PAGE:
The organization that best adopt transformation are those that start the process expecting things to be different at the end of process. They may not fully understand the exact shape of things to come, but they are prepared to trust the process.

Blockers of transformation:

  • Failure of adoption
  • Not having a clear vision of end state
  • Lack of adequate funding
  • The wrong people
  • The wrong skills
  • No culture of transformation or no data culture
  • Transformation is too hard for the organization
  • Disruption elsewhere: internal or external

First step in transformation journey is to do a data maturity assessment, to help you define starting point. It is also helpful to do it, because you can use this baseline to show progress in later phases, with stakeholders. When you conduct your maturity model, have in mind that every interaction is a chance to engage, not all of them will be supporters, if somebody is positive, don’t assume it will stay that way, take every opportunity to change people’s attitude to data.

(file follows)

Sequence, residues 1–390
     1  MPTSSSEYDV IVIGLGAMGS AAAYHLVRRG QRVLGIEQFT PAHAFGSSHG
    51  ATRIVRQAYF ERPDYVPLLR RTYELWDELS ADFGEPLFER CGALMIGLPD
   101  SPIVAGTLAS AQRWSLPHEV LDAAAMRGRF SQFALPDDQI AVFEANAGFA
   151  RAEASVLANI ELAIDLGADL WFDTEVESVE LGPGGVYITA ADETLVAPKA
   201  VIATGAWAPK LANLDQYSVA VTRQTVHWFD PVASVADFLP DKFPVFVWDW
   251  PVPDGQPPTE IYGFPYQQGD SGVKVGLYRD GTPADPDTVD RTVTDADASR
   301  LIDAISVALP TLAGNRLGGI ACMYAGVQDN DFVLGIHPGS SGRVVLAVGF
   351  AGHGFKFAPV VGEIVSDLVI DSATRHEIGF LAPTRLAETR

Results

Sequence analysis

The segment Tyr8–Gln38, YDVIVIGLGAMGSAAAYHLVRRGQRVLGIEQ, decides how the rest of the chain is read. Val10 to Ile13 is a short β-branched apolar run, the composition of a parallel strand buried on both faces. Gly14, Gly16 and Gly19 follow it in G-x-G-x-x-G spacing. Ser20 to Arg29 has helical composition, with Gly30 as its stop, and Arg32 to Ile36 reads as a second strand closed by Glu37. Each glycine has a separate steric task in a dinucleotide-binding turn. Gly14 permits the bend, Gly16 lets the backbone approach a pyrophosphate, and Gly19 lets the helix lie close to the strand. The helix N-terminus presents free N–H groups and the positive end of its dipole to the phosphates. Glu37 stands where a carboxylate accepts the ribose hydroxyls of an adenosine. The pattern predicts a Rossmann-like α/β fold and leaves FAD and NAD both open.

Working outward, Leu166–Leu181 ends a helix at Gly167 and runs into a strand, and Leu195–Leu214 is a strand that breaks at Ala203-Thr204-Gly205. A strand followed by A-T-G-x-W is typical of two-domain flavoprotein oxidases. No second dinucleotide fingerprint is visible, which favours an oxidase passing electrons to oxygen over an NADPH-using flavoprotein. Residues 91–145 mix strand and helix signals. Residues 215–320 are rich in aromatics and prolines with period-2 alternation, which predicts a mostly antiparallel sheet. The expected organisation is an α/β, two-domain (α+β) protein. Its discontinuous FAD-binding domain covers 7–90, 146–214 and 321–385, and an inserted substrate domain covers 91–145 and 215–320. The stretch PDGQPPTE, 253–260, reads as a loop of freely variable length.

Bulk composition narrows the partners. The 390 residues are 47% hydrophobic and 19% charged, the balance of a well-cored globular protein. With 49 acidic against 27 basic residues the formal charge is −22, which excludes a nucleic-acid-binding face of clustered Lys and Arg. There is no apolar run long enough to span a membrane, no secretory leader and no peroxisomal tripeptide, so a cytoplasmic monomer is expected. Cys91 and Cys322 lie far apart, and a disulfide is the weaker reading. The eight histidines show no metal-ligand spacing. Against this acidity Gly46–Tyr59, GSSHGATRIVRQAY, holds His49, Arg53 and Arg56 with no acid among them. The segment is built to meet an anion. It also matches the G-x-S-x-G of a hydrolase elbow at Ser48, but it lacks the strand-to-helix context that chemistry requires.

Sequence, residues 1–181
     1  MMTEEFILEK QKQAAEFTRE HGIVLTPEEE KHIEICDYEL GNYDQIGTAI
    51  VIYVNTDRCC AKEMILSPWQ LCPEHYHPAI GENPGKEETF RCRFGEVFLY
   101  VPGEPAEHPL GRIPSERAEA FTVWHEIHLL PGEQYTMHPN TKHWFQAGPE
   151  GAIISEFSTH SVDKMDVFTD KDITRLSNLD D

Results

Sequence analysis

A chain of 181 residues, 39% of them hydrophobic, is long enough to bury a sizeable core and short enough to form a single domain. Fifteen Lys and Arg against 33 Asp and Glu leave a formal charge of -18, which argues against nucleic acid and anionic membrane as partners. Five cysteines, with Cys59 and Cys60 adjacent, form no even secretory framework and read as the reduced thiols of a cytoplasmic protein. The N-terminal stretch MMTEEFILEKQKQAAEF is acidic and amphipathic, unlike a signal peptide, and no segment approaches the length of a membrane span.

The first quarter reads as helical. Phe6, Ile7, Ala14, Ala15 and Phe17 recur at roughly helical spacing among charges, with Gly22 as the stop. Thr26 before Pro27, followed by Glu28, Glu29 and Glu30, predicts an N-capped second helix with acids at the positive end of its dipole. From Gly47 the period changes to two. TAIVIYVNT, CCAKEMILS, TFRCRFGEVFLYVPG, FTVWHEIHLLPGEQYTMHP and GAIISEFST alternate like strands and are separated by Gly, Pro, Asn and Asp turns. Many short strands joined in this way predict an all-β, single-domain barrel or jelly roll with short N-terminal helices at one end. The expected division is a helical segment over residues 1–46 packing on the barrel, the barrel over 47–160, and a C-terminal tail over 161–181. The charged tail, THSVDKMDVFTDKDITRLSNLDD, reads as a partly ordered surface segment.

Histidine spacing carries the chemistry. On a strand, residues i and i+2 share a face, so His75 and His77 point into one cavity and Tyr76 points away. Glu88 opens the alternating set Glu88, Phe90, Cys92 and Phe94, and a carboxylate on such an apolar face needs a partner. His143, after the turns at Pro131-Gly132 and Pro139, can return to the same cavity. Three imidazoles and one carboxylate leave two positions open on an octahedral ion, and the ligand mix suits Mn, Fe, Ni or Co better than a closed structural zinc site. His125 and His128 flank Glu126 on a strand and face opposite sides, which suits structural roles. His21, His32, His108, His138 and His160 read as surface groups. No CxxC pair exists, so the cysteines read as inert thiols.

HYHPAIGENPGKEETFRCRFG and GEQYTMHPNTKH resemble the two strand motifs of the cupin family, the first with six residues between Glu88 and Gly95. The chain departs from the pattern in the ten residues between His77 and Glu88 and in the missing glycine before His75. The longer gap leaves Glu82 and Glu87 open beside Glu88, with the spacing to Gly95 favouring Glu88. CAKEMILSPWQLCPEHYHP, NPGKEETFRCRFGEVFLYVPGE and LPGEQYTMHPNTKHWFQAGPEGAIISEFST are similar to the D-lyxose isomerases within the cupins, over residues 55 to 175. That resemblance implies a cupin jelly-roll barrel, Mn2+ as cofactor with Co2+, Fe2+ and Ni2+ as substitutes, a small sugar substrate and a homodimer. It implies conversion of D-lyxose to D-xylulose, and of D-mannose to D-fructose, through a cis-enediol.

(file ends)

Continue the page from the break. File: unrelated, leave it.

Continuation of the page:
Main elements of the maturity model are:

  • Strategy
  • Corporate governance
  • Leadership and sponsorship
  • Framework, process and tools
  • Policies
  • Information risk
  • Architecture
  • Organization, roles and responsibility
  • Skills
  • Metrics
  • Information guardianship behavior
  • Technology

When marking scale on which company is, we are using marks:

  • 0 – unaware – old unknowns
  • 1- aware
  • 2 – reactive
  • 3 – proactive – things like master data management programs are started and governance of unstructured data begins to emerge
  • 4 – managed
  • 5 – optimized – nearly all information assets are inventoried, including knowing external sources, information advocated across the business, enablement and value generation. True partnerships with customers and suppliers are embedded and the data landscape is trusted and agile.